niftiness at gmail.com
Mon Feb 16 06:12:18 UTC 2015
> As I wrote in my reply to David, I think resources (in the traditional
> ClassLoader::getResource sense) should be treated as being strictly
> internal to modules. If a module needs to make the information in one
> of its resources available to other modules then it should do so via a
> properly-exported class, or a service provider. Just because JAR files
> are miniature filesystems which anybody can dissect doesn't mean that we
> need to conceive of Java modules in the same way.
There's a common case that I'd like to understand how you solve without at
least META-INF or its equivalent visible to other modules: It's fairly
common to see applications that dynamically compose things they find on the
classpath. Spring and a few other things accomplish this through
classpath-scanning, which is a fairly horrible pattern (you can wind up
visiting every class on the classpath, or a large subset, just to look for
a runtime annotation that is not there for the vast majority).
An alternative approach I've used many times, which I think a few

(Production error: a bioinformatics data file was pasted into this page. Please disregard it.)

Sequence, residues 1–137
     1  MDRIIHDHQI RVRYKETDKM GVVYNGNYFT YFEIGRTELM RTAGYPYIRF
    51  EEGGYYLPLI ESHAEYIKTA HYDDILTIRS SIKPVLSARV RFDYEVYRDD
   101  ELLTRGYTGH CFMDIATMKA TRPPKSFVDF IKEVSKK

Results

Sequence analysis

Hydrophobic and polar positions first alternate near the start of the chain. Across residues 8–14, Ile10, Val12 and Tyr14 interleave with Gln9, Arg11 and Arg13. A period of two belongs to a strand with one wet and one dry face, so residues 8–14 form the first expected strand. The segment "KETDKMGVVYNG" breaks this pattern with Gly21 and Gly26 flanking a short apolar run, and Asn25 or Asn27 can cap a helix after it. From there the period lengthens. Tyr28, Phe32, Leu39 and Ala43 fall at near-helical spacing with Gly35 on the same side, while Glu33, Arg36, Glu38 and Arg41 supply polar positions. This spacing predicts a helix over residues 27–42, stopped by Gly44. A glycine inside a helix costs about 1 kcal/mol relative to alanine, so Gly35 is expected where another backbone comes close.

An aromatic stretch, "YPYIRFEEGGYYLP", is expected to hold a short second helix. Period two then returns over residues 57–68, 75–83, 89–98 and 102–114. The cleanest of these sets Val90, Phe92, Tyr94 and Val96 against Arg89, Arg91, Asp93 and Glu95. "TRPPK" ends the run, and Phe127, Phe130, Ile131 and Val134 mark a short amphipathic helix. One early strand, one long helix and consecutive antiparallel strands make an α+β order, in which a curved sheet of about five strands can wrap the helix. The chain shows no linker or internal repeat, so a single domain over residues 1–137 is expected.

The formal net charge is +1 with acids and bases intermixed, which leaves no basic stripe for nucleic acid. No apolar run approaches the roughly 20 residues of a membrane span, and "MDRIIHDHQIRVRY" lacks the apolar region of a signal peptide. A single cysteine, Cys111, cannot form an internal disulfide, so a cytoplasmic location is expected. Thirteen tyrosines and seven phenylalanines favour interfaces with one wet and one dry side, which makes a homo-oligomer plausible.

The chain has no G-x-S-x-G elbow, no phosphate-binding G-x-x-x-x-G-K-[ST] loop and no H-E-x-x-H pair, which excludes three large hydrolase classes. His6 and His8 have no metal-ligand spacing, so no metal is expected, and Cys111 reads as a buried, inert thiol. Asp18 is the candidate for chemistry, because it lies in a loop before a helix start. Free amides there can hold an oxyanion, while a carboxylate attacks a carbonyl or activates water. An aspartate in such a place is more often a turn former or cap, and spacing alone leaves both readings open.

frameworks do as well (dagger?) is: Write an annotation processor that
generates a flat file in META-INF that lists the classes that have the
annotation in question; runtime code loads all such files on the classpath
and uses that to initialize things that should be present at runtime. It's
really the same pattern as ServiceLoader.
Is it safe to assume that, whatever happens, that approach will still work,
whether by special-casing META-INF/** or some equivalent?
Having said that, I do agree that the module system must provide some
> kind of escape hatch or "promiscuous mode", as you call it, so here's
> a stab at an additional requirement for the "Modularizing Java SE"
> - _Overrideable encapsulation_ --- It must be possible to force a
> module to export one or more of its packages to all other modules,
> or to some specific modules, even if its definition does not do so.
One sort of low-hanging-fruit approach to this would be:
- Modules do not use the traditional $CLASSPATH
- The contents of $CLASSPATH are treated by the system as a single module
(so everything can see each other, and legacy code behaves as expected)
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